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Bowery's riches to rags story comes full circle.

For many years the Bowery has been known as a land of flophouses, counterculture and kitchen equipment sales. But in the last couple of years, its character has changed dramatically. With the rise of NoHo and NoLIta and the continued revitalization of the East Village and the Lower East Side, the Bowery has taken on characteristics similar to those of its westward neighbor Broadway. A look at the infamous street's past, however, reveals that this shift is simply a return to the street's original character.

In 1667, Peter Stuyvesant retired to his farm which was then the ending destination of the Bowery. The Dutch called their farms "bouwerij," and the road was, naturally, called "The Bowery Road." By the end of the 18th century, the Bowery became New York's most elegant street, lined with mansions of prosperous residents and fashionable shops. But at the end of the 19th century, many low quality tenements were built to accommodate the many immigrants pouring into the city. The construction in 1878 of the Third Avenue Elevated Train over the Bowery further precipitated the decline. The noise and shadows of the elevated trains eroded real estate values wherever they were built. Civil War mansions had given way to brothels, gigantic beer gardens and two-bit flop houses.

The decline of the area and its inhabitants continued well into the 1900's. Then, in 1973, Hilly Kristal opened Country, Bluegrass and Blues (CBGB) and Other Music for Uplifting Gourmandizers (OMFUG) on the ground floor of the Palace Hotel flop at 315 Bowery, across from Bleecker. On the CBGB website, Kristal recounts the early years.

"Having a rock club on the Bowery, under a flop house (believe it or not), does have some advantages. (1) The rent is (was) reasonable (2) Most of our neighbors dressed worse than, or more weird than our rock and rollers (3) The surrounding buildings were mostly industrial and the people who did live close by, didn't seem to care too much about having a little rock and roll sound seeping into their lives. The disadvantages: within a two-block radius there were six flophouses holding about two thousand men, mostly derelicts ..."

As the famous club continued to provide a safe haven for underground music, the neighborhood around it began to provide a safe place to live. During the 80's and continuing into the 90's, New York City as a whole was improving and once avoided areas began to become desirable.

The famous club closed its doors for the last time on October 15, 2006. Its disappearance was an example of the changing character of the neighborhood.

AvalonBay Communities has already completed two blockthrough luxury buildings, the Avalon Chrystie, a on the southside of Houston between Bowery and Chrystie and the Avalon Bowery on the northside of Houston between Bowery and Second Avenue, and is under construction on a third property on the north side of 1st Street between Bowery and 2nd Avenue.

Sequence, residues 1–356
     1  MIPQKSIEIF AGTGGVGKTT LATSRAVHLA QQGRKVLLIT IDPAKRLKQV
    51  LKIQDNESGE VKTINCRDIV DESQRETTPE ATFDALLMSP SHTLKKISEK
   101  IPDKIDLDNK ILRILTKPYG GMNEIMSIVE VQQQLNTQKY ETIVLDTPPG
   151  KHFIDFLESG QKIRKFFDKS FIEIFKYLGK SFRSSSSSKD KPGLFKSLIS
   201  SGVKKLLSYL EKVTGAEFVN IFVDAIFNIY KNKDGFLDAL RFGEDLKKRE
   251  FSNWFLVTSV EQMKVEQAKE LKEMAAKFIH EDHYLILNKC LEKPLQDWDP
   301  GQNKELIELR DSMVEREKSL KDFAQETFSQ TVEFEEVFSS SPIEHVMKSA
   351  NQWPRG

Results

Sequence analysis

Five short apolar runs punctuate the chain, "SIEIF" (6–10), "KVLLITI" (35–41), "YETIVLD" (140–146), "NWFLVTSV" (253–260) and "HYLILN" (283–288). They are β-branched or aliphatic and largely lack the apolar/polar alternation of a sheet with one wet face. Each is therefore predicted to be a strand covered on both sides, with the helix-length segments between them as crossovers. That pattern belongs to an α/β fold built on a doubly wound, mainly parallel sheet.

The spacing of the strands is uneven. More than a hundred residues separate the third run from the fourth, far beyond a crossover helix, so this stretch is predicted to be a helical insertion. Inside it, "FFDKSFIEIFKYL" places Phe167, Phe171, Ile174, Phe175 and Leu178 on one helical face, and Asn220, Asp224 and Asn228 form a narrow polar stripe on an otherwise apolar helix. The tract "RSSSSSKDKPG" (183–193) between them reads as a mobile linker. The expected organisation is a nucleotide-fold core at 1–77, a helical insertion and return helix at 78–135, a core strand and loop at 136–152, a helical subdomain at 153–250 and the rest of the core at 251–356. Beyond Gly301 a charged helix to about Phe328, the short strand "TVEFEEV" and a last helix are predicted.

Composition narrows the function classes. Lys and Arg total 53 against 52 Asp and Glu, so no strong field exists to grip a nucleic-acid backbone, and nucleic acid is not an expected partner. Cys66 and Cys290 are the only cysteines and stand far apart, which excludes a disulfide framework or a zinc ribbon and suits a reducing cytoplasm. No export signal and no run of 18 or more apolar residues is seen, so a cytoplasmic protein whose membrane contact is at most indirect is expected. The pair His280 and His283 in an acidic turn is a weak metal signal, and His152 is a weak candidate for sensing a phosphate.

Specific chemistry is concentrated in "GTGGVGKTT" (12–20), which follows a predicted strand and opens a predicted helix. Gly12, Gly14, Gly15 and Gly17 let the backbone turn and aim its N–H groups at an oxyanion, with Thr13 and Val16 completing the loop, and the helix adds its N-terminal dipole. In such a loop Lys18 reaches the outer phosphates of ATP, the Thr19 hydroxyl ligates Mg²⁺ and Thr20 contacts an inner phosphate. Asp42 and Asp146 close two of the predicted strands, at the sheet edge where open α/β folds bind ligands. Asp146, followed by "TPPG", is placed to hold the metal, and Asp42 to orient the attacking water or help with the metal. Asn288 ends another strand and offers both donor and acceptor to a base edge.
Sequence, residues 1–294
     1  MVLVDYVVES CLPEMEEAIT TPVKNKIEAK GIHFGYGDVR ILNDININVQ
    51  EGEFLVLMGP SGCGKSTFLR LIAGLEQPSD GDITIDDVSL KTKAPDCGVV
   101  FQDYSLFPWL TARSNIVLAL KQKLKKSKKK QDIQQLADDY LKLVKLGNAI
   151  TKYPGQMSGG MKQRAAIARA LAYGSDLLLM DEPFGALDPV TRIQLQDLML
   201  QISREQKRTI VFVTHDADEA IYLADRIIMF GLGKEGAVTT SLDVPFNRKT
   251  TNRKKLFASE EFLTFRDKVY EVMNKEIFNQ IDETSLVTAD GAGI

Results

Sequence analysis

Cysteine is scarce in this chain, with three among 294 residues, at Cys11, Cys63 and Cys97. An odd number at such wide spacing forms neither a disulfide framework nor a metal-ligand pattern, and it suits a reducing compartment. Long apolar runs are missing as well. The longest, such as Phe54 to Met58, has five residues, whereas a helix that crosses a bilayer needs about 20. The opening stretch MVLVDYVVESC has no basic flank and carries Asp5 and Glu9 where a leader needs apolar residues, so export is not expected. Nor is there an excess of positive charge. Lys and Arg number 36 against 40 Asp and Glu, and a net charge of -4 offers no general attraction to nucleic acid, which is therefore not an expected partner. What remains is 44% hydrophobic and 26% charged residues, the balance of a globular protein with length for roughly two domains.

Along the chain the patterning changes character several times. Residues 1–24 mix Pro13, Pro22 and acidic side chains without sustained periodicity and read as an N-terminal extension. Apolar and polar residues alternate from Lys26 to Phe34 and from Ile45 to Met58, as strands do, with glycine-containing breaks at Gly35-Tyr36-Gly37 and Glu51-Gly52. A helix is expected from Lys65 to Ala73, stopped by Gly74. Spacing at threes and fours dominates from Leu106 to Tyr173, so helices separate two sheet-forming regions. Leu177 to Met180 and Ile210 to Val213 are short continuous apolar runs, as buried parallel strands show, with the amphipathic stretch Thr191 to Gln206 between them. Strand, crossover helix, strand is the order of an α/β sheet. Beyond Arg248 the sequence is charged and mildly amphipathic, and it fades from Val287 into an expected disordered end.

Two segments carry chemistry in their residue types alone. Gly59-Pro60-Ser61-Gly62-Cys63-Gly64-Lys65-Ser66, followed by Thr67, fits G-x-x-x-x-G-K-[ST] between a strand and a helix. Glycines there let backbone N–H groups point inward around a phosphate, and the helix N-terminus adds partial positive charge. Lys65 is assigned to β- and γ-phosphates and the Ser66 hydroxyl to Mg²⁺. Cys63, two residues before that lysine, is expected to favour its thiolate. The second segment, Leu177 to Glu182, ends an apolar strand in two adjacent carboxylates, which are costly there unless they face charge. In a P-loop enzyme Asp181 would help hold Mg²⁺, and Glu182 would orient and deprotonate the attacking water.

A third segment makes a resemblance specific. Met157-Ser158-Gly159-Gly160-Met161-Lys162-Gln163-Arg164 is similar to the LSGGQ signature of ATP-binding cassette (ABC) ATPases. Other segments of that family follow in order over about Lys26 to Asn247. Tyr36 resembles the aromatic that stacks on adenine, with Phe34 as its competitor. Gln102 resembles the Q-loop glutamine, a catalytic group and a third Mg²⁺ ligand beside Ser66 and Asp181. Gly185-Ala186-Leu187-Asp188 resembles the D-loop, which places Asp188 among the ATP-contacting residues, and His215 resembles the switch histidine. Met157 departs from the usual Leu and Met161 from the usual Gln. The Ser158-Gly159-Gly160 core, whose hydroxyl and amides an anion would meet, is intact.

Typical 2BR/2B apartments in the Avalon Bowery rent from $5200-$5775.

Even the famous developer/hotelier Ian Schrager has seen fit to enter the area with a spectacular cutting edge development at 40 Bond Street, where he will build five ground level townhouses and 22 apartments above them. The townhouses are the first to be built in New York in many years. Schrager purchased the 14,200 square foot lot in January 2005 for $16,010,956, or $224.64 per buildable square foot, based on the zoning in place at the time.

The units are currently listed at prices ranging from $3,650,000 ($2,876 psf) for a 1BR/2B to $10,250,000 ($2,886 psf) for a 3BR/ 4B apartment.

Along with Schrager, Richard Born and Ira Drukier, owners of the highly successful Maritime Hotel at 363 West 16th Street, are underway with a similar project at 335 Bowery. The new 16-story building will be a 140-room boutique hotel, set to open by the end of the year. Gregory Peck of LoungeSleep is also in the early stages of construction of a 22-story, 145-room, Cooper Square Hotel on the Bowery between 5th and 6th Streets.

The Bowery's symbolic end can be said to come at Cooper Union, where, in 1859, industrialist Peter Cooper built this brownstone Italianate building.

Cooper Union is adding to the neighborhood's renaissance with plans to build a state of the art building at 43 Cooper Square that will add to the changing landscape of Cooper Square and the Bowery. NYU has also been active in the area with construction of a $30 million, 13- story dormitory with 174 studio apartments for lease at Bowery and Second Street.

There is a great deal of money going into the area and the mix of hotel, commercial and residential condominiums, residential rentals and new retail space.

All of this ensures that the golden age of this area rich with history is yet to come. Similar to the resurgence experienced in the west side's Meat Packing district, the Bowery corridor is truly a "hot area" on the rise.


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Article Details
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Author:Kinsey, James
Publication:Real Estate Weekly
Date:Dec 27, 2006
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